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Siphon electrons?

Is it possible to fabricate a charge cable connector that would allow one Tesla to share charge with another? It would be very handy if you were stuck in a lonely place and another Tesla came along with charge to spare.

A male to male plug between two MS's? That is just so wrong on many levels.

Down @Rheumboy... It's not going to happen to your MS.

Calling AAA with the EV charger may cause much less headaches.

While not possible with the MS (or any EV to date?), others have talked about the possibility to export power from an EV. The idea is to allow powering your house from the car's battery in the event of a power failure or powering the grid under high electrical demand (and paying the EV owner for the electricity). While technically this is cool, I suspect it would add significant costs. Should such a system be created, it might be possible to help a fellow EVer out, but more likely there will be a range of incompatible formats, such it might only work with one brand or model of EV car.

@TeslaTap - Nissan already has a pilot program running in Japan to provide power to a building via a chain of Leaf during the day time.

It is a neat idea but it accelerates the up charge/discharge cycle of the battery. I think the battery packs are rated for 300 full charge cycles.

Not a good idea for the MS to earn a few bucks here and there only to require a battery pack replacement prematurely at over $40k.

@ Mathew98,

"Nissan already has a pilot program running in Japan to provide power to a building via a chain of Leaf during the day time."

Using Leafs? So that would be like, what, five minutes of power? LOL!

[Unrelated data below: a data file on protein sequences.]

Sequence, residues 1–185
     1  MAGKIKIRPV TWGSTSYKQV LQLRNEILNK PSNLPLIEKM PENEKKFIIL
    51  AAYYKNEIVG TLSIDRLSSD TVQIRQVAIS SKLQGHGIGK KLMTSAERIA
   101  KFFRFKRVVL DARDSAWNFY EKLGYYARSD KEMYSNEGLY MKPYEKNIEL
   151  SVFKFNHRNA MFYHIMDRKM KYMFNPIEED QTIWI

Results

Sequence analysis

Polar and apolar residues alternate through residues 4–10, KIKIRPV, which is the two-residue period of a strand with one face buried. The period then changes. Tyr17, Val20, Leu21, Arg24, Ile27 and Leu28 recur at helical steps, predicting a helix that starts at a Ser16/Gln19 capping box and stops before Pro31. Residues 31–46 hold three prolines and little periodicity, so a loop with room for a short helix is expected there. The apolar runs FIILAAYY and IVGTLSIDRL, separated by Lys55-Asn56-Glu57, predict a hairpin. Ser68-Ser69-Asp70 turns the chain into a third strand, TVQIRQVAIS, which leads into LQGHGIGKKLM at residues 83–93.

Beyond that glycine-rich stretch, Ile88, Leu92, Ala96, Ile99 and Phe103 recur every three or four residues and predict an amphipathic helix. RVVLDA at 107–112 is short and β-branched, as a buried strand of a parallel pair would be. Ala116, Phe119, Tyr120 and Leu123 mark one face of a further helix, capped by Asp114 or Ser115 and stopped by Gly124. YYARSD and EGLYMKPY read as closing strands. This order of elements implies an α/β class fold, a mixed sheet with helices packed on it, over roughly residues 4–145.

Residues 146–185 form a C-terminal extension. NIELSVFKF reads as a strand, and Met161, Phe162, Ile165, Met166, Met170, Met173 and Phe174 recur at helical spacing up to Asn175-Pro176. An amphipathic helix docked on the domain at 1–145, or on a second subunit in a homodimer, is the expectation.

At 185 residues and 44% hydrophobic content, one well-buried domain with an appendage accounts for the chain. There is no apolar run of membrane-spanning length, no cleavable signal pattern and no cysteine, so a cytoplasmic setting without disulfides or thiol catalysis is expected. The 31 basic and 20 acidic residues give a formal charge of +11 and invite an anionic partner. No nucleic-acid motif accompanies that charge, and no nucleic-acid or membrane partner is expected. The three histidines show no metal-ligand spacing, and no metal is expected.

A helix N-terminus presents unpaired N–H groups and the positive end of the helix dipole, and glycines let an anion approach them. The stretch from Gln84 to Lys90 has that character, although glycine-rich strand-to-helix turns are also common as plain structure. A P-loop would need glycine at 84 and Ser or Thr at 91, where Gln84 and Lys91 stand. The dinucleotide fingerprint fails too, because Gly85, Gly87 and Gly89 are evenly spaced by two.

Japan, Leaf, and CHAdeMO has addressed this - grid load management and backup power.

It is not something being pursued by Tesla at this time, and they void the warranty if someone else uses a Tesla in this manner.

While the SP01 does't "exist" yet, the idea was to have the cars battery attached your home "grid". While I don't understand why I would want my car powering my home instead of the sun or wind or water or natural gas, it could theoretically be used for charging another car.

^^that is the Detroit Electric car

To go back to the original question...
A simple direct cable connecting the batteries would not work, because the required voltage to charge is higher then the voltage available when discharging.

What would be needed is an inverter in between... for 20kW that would be the size of a small suitcase and for faster charging your are talking supercharger cabinet size.

University of Delaware is doing work with Vehicle to Grid (V2G) Technology using the batteries in EVs to help stabilize power demands. In addition, EV owners in Delaware can get paid up to $5000/year for being available to supply energy to the grid.

http://www.udel.edu/V2G/

I did ask a Tesla rep about this once, and I was told that the Model S inverter was designed to work in one direction, so no, it doesn't support V2G technology nor will you be able to charge one car with another.

@ Mathew98,

I have a 4kw inverter with 12kWh lead acid AGM batteries for back up power for my home. It doesn't run everything, but it does run frig, freezer, many lights, well pump, propane water heater, and propane house heat. It makes the house very livable in a power failure.

With normal operation, it powers the house for 10 to 14 hours. With restricted water use, I have powered the house for 24 hours with it.

The Nissan Leaf has a 24kWh battery, so it could power my house for up to 48 hours. Much more than 5 minutes.

Gee, an 85kWh MS could power my house for up to a week! And there is a level 2 charging station 5 miles away. Run over there for a couple hours every other day and bring the electrons home.

I think it would be a really cool thing to have a high power 110/220 volt outlet in the MS. Portable power station!


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